3. What Paul wrote in Hebrews, was not just directed at Hebrews, but as a model for us when interfacing with Jews, moving from the Old Covenant, to the New Covenant.

      I have no doubt whatsoever, that Paul wrote Hebrews as parting gift to his Jewish brethern; a gift which has survived and continued to give, for 2000 years.

      • Looks like you and I both like Athanasius. That being said, he’s not perfect, and it’s not like there was no guessing involved at the time.

        I’m happy enough that you believe it was written by Paul. Since we really don’t know, you could be right. Although, I really doubt it. The content isn’t Paul’s, the style isn’t Paul’s, this person isn’t writing as a church planter… and, this is a third generation Christian that’s writing it. Paul would absolutely be lying within the letter of Hebrews if he called himself a 3rd generation Believer.

        The early church was making a few guesses as they were putting out fires and trying to establish administration and a systematic way of thinking about theology. They weren’t right about everything, and their work was occasional. Also, I don’t think that your thoughts on the “tradition” of Hebrews is accurate. There were too many who disagreed with “tradition” and had to sell the idea. If there was a clear “tradition” there would have been less controversy around this letter.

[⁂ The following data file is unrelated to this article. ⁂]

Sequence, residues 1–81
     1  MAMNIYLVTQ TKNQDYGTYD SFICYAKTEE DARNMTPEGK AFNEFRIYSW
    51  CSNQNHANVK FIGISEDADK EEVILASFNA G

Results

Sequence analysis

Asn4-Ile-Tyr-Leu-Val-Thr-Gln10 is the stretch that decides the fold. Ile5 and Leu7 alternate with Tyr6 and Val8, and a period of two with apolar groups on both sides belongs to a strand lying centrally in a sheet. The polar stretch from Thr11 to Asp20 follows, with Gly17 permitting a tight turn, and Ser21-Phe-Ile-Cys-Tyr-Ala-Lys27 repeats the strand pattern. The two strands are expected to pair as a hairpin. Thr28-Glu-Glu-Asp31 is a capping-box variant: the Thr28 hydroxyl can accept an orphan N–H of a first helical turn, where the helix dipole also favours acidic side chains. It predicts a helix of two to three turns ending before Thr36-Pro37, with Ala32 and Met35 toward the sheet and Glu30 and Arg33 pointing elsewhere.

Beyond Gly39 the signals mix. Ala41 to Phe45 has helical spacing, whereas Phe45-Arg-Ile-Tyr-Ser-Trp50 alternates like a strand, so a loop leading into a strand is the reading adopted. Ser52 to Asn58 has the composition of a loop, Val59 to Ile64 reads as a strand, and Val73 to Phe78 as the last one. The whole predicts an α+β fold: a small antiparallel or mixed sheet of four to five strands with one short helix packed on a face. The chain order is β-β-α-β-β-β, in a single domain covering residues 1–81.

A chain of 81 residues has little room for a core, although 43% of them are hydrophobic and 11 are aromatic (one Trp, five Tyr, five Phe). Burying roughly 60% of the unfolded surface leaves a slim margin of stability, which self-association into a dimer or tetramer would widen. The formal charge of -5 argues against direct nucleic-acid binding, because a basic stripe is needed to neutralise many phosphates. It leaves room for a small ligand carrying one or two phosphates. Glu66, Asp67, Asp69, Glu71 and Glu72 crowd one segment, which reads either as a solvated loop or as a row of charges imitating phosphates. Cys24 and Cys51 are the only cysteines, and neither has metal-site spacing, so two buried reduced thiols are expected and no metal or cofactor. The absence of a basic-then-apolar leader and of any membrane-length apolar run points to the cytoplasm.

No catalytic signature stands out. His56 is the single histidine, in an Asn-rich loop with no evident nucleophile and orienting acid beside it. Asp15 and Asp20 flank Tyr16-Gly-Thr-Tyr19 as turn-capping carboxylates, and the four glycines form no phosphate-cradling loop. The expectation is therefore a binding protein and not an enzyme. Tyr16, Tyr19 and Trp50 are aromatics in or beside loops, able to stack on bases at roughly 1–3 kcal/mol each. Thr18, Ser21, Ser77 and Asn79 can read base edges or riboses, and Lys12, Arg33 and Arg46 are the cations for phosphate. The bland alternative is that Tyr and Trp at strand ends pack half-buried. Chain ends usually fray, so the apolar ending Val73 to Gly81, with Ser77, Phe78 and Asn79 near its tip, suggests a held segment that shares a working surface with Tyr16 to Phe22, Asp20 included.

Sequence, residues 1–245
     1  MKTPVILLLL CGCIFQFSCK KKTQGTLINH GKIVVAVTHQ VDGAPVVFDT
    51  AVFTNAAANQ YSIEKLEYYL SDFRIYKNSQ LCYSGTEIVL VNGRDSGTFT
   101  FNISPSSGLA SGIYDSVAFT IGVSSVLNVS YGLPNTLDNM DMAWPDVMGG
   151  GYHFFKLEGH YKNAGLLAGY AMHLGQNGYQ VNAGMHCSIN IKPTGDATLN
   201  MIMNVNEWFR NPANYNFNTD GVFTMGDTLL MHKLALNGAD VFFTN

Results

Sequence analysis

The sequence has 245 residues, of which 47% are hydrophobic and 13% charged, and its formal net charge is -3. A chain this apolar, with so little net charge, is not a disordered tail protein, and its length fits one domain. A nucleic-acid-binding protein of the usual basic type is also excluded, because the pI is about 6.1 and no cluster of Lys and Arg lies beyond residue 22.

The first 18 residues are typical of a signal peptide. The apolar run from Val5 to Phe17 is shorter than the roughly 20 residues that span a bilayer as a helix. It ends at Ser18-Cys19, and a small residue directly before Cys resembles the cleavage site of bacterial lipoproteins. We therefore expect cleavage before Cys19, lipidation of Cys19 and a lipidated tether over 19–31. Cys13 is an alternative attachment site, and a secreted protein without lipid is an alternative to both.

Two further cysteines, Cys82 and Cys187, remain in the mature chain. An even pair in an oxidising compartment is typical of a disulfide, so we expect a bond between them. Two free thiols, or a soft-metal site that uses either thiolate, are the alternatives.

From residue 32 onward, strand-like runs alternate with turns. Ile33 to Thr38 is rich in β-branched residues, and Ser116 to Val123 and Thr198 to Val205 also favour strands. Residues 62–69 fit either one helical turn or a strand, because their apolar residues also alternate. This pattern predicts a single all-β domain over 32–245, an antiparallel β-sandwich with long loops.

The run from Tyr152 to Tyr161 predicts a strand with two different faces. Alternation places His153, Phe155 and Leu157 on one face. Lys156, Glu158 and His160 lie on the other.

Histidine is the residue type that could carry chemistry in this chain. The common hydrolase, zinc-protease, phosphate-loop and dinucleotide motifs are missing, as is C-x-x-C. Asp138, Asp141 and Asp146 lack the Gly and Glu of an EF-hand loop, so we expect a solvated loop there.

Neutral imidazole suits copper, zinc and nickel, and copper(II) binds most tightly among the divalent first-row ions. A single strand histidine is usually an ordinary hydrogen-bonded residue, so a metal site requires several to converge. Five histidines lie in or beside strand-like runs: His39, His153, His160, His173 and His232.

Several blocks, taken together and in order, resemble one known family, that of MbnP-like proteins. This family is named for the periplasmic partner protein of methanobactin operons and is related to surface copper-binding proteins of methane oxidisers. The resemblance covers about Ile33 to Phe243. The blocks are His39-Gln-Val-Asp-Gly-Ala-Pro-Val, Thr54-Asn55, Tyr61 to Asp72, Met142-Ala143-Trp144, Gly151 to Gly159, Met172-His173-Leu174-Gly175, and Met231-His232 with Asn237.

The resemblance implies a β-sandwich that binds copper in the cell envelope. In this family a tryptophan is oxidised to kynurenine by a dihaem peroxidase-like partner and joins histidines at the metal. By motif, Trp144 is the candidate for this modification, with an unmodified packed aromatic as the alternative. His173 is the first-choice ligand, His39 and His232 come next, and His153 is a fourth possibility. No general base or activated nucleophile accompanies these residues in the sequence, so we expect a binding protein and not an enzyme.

That being said, I truly don’t think it matters too much. It doesn’t really matter if we disagree about this. Regardless of the author, the content seems clear.

  2. Paul did not write his book to the Hebrews to a church, nor to Gentiles. He wrote it to his people, the HEBREWS!

    Whenever Paul wrote to a specific church or individual, it was always prefaced:

    To all who are beloved of God in Rome
    To the church of God which is at Corinth
    To the churches of Galatia
    To all the saints in Christ Jesus who are in Philippi
    To Timothy, my true child in the faith
    To Timothy, my beloved son
    To Titus, my true child in a common faith
    To Philemon our beloved brother

    But his book to the Hebrews was prefaced in an entirely different manner. Although Paul’s ministry had been focused upon the Gentiles, he had not abandoned his Jewish brethern. And the book of Hebrews was evidently written as a detailed theological apologetic for the Jews. It was Paul’s way of finalizing his ministry as he was being led away to the chopping block.

    • Hi Stan,

      Paul didn’t write this book, so your premise is flawed. The person who wrote this book heard it from someone, who heard it from someone. A person like Apollos fits the Christian-generation profile. Paul, however, makes it clear that what he received comes directly from Jesus.

      While I understand why you would think that this is written purely to the Jews, that is not necessarily the case. Although, I would think that it was a majority Jewish congregation. The OT was the Bible for the first generation of Believers. That being said, it’s very possible that Hebrews was written to a Jewish congregation in danger of returning to Judaism to avoid persecution, who were wishing to return to Christianity following the time of persecution, which could be why we see the author writing “it’s impossible… it’s like crucifying Christ again” (paraphrased).

      So, the author wasn’t Paul, and the congregation wasn’t necessarily entirely Jewish, but it’s certainly a consideration.